Reporting of concerns

It is the duty of all employees to prevent abuse, including the duty to report any abuse discovered or suspected.

Here are details of types of abuse to be aware of:

  • Physical. This may involve hitting, slapping, pushing, kicking, shaking, throwing, poisoning, burning or scalding, drowning, suffocating, misuse of medication, inflicting inappropriate physical sanctions, or otherwise causing physical harm, including fabricating the symptoms of, or deliberately causing the individual ill health (DfE 2014, DoH 2000).
  • Emotional/psychological. This is the persistent emotional ill-treatment of a child, young person or vulnerable adult such as to cause severe and persistent adverse effects on their emotional development. Threats of harm or abandonment; humiliation; blaming; intimidation; coercion; harassment; verbal abuse, bullying (including cyberbullying) and being prevented from receiving services or support are all forms of emotional abuse (DoH 2000). 
  • Sexual. This could include rape, sexual assault or sexual acts occurring through force or enticement and which a child, young person or vulnerable adult could not have consented to, or to which they were pressurised into consenting. 

When listening to someone disclosing a safeguarding issue, there are three rules:

  • Do listen non-judgmentally & sympathetically.
  • Don’t promise confidentiality.
  • Do report to the CEO, who is the designated safeguarding officer.

Safeguarding issues are logged, and you will be kept informed of the situation within the limits of confidentiality.

Action that should be taken if you have concerns, suspicions, witness abuse, or someone discloses abuse:


  • Take whatever action is required to ensure the immediate safety or medical welfare of the individual.
  • Remain calm and non-judgmental.
  • Do not discourage from disclosure.
  • Use active listening skills and remain sympathetic and attentive.
  • Give reassurance but do not press for more detail or make promises.


  • Explain that you cannot keep information about alleged or suspected abuse confidential.
  • Clarify main facts, summarise what has been said to you.
  • Remain sensitive.
  • Explain that the designated safeguarding officer must be informed.
  • Seek the person’s consent to share this information.
  • Consider issues of capacity, consent, best interest and public protection.
  • Offer future support from yourself or others (designated safeguarding officer).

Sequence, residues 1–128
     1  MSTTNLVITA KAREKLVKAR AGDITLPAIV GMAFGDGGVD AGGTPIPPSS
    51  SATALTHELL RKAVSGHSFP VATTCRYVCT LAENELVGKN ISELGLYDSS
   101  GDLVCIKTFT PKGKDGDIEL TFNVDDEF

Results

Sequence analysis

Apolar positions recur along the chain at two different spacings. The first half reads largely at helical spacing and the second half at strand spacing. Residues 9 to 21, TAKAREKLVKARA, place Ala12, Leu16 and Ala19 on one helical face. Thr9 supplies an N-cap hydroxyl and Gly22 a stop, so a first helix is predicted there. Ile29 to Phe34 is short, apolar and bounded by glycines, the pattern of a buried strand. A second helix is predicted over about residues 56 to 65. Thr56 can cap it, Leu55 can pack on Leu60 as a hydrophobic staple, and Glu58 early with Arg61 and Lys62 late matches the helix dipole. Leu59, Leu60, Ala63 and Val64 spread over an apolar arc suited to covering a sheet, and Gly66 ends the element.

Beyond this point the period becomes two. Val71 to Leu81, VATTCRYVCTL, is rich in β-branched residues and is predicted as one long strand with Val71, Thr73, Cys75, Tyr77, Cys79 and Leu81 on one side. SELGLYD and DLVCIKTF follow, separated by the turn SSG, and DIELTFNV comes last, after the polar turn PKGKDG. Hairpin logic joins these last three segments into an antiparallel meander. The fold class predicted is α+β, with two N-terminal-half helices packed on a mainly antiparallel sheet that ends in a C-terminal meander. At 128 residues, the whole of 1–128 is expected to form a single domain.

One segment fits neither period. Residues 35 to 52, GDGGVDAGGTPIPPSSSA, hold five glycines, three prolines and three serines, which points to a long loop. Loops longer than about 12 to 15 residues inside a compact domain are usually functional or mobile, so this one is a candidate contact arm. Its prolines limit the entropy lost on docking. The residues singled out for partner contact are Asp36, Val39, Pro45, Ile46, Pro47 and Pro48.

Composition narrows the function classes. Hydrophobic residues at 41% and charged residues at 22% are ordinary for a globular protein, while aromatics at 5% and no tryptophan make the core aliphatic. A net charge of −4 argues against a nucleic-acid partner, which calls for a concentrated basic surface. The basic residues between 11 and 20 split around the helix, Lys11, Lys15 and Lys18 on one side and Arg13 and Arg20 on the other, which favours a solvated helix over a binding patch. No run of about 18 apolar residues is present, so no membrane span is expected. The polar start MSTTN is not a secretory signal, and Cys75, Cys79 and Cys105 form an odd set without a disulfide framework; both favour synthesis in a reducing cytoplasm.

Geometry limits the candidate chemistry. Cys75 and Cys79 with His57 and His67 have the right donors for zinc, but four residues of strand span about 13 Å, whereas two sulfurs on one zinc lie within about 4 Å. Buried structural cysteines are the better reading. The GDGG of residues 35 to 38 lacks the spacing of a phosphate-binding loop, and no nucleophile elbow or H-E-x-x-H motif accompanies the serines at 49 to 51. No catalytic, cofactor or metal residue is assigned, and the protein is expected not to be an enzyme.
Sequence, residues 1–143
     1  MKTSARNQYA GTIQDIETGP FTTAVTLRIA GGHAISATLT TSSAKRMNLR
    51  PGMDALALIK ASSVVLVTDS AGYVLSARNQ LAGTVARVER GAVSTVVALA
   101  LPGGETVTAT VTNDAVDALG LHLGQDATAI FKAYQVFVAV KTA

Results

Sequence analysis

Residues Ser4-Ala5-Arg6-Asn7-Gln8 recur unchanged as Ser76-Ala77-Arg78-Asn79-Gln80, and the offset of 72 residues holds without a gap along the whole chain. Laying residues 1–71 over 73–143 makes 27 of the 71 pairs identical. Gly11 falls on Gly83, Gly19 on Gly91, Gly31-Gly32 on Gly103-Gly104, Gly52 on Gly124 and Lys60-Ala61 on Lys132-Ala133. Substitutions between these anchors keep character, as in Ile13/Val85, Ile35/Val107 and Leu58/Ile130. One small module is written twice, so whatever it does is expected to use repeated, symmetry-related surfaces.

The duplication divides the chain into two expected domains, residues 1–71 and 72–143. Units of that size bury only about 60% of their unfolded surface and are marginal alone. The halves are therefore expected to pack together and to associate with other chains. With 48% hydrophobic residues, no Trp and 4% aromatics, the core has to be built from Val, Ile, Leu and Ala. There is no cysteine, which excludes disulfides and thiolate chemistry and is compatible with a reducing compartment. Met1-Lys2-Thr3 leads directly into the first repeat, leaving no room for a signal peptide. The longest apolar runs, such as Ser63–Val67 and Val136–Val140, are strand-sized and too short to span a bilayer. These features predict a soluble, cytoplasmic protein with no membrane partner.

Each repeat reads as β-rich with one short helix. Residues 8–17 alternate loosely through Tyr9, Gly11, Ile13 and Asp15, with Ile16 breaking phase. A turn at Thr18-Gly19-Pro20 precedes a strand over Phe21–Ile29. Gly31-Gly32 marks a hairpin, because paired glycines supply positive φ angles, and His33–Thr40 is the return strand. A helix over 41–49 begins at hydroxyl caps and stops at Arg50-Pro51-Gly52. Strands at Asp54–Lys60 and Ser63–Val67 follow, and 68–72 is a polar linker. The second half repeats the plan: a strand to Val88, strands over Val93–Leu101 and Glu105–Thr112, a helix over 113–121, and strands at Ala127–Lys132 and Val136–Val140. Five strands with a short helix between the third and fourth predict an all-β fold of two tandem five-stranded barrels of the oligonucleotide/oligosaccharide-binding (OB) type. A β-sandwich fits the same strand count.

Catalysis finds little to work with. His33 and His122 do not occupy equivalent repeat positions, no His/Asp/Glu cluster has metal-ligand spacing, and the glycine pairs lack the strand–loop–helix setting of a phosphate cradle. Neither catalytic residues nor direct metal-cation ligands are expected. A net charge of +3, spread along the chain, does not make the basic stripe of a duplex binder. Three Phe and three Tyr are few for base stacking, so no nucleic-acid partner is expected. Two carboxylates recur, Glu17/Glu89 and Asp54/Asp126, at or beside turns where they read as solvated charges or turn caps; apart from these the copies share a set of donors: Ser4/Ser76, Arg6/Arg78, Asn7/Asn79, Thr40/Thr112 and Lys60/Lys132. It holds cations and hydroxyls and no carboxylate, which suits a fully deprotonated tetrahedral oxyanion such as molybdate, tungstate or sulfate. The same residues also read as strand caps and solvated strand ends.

• Take all reasonable steps to ensure that the individual is in no immediate danger of further harm.
  • Preserve evidence.

Any suspicion, incident, allegation or other manifestation relating to child/vulnerable adult protection should be reported to a manager and/or the DSO. The reporting member of staff will make a verbal report but should also make a written report outlining in adequate detail what was heard, seen, reported, alleged etc. The member of staff will sign and date the written report. If more than one worker observes the same incident, a separate report is to be made by each worker. The DSO will keep records in such a way to enable appropriate cross-referencing of reports.

The DSO, who is the CEO, will decide whether the matter can be dealt with internally or whether it is of such seriousness (e.g. a criminal offense has occurred) that the appropriate authorities need to be informed.

Reporting and dealing with allegations against members of staff

Any member of staff (paid or unpaid) is required to report any concerns about a colleague to the DSO. The DSO should inform the person against whom an allegation has been made as soon as possible unless there appears to be a case that this might prejudice a criminal investigation. The DSO will also consider whether suspension of the worker is advisable whilst the allegation is being investigated. The DSO will gather as much detail from available sources as possible, by way of investigation. The DSO will notify the Chair of trustees. They will recommend whether the circumstances constitute grounds either:

  • to treat the matter as a disciplinary issue, either as misconduct or gross misconduct, with associated rights of appeal; or
  • to dismiss the allegations as unfounded, or to make such other non-disciplinary recommendations as are appropriate.

The person against whom such non-criminal allegations are made should have an opportunity to give an explanation or answer to any allegation at an interview conducted by and minuted by the DSO, as they are also the CEO.

If a criminal allegation is made e.g. of sexual abuse and impropriety, or physical assault, or inappropriate behaviour, the CEO will suspend the person from any activity in the project under the heading of alleged gross misconduct. If it is warranted, this may be without pay, should the evidence appear strong enough to justify the matter. The matter will be reported immediately to the police.

Review of this policy

Management shall review this policy, its effectiveness and its implementation every two years and the DSO shall ensure that the views of all workers, paid and voluntary, are sought and reflected in such a review process, and that any statutory authority input is sought as appropriate.

Disciplinary action

Employees who don’t conform to MRN’s child and vulnerable adult protection policy could face disciplinary action up to and including dismissal.